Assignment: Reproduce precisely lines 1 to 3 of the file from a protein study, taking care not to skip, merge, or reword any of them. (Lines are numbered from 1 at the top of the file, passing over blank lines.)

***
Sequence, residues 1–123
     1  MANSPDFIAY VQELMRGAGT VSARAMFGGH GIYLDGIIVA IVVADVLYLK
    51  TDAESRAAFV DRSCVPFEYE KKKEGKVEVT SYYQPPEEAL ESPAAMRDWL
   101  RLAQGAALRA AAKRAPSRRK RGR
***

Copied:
Sequence, residues 1–123
     1  MANSPDFIAY VQELMRGAGT VSARAMFGGH GIYLDGIIVA IVVADVLYLK
    51  TDAESRAAFV DRSCVPFEYE KKKEGKVEVT SYYQPPEEAL ESPAAMRDWL